For the Love of the Game

A stranger comes to your door. He hands you and your family $200,000 cash. He says this is for your daughter to help her get her life started right. He also suggests that she meet some of his connections. These connections are very successful business owners, corporate leaders, or experts in their field. He explains these connections are part of his tight knit family group. This group of people want to help her become a successful person in this world in any field of work she finds interesting. He finishes his conversation explaining that the only thing your daughter needs to do to receive all this money and special treatment is…play a game for four years.

He approaches you and explains that he notices your daughter is exactly like a group of people he knows. They would get along perfectly. He explains that this group of people spend 20 – 30 hours a week doing the same game. Even when they are not doing this game they spend all their time talking about it. Sometimes they even like to dress up wearing gear that represents this game. He can guarantee that in four years your daughter will make some of the best friends of her life.

She will be able to travel the country for this game. He would provide private jets that would take her and her group to play this game against other girls from other states. Since they are traveling so much, he said she needs to represent the group. He will give her 2 pair of game shoes, 2 t-shirts, shorts, pants, a winter coat, gloves, a hat, special shoes to wear on the plane, and even shower sandals. He promises to give her all new gear every year, and he explains he will even wash her clothes for her. All she needs to do is play a game for four years.

In addition to the $200,000 cash and the gear, he promises to give her a monthly check to cover her rent and food. This amount is the same every month even if there are times of the year that she does not need to play the game as often. He promises that there will be plenty of time for her to take classes in any field that interests her. She can become whatever she wants to be when she grows up.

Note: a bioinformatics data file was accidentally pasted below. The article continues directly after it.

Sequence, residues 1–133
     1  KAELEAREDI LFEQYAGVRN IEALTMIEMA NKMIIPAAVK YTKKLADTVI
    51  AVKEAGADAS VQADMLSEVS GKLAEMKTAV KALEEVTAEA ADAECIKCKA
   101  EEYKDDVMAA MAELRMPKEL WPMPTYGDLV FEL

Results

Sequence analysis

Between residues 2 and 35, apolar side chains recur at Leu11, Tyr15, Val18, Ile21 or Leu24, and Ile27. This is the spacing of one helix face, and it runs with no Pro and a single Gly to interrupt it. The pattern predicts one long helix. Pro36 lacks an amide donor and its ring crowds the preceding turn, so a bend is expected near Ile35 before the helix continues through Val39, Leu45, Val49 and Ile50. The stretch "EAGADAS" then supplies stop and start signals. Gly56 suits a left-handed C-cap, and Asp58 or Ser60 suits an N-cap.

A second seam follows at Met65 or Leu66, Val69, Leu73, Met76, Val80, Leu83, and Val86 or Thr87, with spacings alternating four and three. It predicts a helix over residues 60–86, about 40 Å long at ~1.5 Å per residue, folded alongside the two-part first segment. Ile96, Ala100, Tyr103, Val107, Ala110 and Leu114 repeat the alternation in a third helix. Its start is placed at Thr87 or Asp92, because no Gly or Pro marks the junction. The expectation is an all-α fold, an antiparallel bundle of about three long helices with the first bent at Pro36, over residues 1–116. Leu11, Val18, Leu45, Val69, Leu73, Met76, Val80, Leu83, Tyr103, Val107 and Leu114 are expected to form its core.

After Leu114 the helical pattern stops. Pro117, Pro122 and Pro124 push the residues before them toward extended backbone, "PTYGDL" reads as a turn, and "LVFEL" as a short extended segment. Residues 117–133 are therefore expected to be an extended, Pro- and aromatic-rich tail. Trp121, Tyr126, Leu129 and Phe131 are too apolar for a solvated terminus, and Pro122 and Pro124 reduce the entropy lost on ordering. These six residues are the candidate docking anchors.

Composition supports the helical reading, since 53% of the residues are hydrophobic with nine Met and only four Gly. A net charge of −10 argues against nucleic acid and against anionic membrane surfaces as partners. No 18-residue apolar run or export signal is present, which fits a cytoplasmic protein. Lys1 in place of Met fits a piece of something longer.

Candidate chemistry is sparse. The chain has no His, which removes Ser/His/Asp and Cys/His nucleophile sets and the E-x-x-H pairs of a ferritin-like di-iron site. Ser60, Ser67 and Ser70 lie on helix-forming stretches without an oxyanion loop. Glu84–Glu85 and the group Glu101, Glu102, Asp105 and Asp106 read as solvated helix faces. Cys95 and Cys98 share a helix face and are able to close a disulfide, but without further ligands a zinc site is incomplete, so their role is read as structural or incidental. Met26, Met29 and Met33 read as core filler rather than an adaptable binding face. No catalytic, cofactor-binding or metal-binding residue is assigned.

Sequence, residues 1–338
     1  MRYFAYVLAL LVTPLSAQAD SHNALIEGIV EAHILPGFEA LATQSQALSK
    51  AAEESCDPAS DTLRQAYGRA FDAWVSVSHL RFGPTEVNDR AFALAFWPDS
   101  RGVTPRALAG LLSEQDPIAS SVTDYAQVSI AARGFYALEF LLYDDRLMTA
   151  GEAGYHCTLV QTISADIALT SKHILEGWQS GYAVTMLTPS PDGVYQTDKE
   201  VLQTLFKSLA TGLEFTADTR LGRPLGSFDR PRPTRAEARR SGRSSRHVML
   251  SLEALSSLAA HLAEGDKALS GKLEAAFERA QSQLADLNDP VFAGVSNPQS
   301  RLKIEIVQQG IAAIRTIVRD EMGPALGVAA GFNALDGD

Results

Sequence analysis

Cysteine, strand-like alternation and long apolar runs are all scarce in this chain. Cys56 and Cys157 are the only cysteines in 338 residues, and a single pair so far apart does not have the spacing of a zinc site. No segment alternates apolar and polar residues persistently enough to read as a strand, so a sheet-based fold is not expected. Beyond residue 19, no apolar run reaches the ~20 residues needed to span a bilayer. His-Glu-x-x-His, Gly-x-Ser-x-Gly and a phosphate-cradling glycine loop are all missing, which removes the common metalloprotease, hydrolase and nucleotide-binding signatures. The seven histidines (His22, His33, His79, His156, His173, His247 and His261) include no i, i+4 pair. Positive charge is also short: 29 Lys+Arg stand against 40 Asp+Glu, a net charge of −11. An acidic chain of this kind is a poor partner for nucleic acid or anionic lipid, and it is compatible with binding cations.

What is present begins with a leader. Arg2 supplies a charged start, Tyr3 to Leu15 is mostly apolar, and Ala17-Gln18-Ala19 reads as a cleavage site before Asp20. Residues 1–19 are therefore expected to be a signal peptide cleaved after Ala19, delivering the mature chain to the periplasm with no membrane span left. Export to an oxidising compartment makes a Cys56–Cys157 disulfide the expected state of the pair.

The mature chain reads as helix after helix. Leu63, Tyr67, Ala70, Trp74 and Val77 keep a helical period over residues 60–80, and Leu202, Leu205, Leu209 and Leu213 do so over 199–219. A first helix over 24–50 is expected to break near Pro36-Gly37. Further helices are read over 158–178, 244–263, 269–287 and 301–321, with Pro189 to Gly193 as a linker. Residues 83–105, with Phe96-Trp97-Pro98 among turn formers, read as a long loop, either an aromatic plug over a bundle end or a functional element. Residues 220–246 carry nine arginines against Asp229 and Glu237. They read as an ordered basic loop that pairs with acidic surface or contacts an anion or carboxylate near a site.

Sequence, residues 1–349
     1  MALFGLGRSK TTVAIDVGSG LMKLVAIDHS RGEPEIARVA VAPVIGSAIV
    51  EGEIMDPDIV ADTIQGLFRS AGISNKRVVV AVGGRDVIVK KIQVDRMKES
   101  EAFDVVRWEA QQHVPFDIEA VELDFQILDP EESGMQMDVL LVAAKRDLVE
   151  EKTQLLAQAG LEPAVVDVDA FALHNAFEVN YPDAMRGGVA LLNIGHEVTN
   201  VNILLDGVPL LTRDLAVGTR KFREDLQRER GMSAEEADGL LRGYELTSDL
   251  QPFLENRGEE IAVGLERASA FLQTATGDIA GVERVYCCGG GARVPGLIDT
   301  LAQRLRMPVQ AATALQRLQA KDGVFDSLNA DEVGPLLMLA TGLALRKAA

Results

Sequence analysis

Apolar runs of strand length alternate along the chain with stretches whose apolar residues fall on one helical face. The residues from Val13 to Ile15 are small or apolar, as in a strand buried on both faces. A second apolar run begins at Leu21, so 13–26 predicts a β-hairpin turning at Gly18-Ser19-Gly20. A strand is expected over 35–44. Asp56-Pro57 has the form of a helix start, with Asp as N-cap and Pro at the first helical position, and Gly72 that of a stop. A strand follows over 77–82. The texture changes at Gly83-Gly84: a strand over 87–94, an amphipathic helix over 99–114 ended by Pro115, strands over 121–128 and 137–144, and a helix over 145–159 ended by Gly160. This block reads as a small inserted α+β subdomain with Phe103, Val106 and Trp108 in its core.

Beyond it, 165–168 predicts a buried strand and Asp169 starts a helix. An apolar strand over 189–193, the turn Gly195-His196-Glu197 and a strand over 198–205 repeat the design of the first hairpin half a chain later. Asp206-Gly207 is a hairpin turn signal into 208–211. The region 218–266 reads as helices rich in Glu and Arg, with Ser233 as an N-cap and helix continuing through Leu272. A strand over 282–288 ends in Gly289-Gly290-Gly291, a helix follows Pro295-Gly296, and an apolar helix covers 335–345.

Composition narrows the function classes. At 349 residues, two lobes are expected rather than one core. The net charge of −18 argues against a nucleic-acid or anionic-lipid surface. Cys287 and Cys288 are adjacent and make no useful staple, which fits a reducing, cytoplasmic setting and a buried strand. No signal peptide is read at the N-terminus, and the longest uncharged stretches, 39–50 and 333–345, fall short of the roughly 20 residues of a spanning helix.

He does explain that he needs her help to show others how awesome this game is. He says that there will be times that she will have to take some of these new players to football games. It won’t be that bad because he promises to get her seats really close to the field. There may even be days that she can go on the field and watch the action up close and personal.

Lastly, he promises that there will be several younger participants that will look up to her. They will ask her for her autograph and tell their parents that she is who they want to be like when they get older. She has the potential to be in the newspaper, or even on television. She may even become a household name.

You daughter gets all the above if…..she plays the board game Twister for four years.

I know, you were assuming that all this was for a volleyball scholarship. If your daughter received all the above for a simple board game of Twister, you would be eternally grateful to the organization that so generously provided for your daughter and your family. That is how we must feel regarding volleyball scholarships. Your daughter has an opportunity to go to college for FREE….plus much more.

The love of the game must come first. If the end goal is to get a scholarship, then your daughter will stop being excited about the process when she commits to play collegiate volleyball. She needs to love the game through the good times and the bad. She should not feel as if she is entitled to anything. My sophomore year of college, I called my father crying. I was not getting the amount of playing time I thought I deserved. He interrupted me and said, “Jackie, just go to practice and play volleyball because you love volleyball.” He was right; I loved volleyball. After that, I played my heart out, not for playing time, but because it was the game I loved to play. The game does not owe you or your daughter anything. However, the game can provide everything if she shows her passion for her teammates, the love of the game, and the willingness to continue to learn and grow.

My dad kept the ball that started it all. When it was new we used it to pepper in the backyard when I was a kid. This ball is now tattered and torn, flat and unuseable, and my dad handed it to me the day I got in the car to drive to The Ohio State University to play for their volleyball program. It sat on my shelf in my dorm, apartment, and now in my office. It represents my volleyball life. I hope your daughter loves the game so much that she ruins a few balls in her career too.


The EliteVBTC Story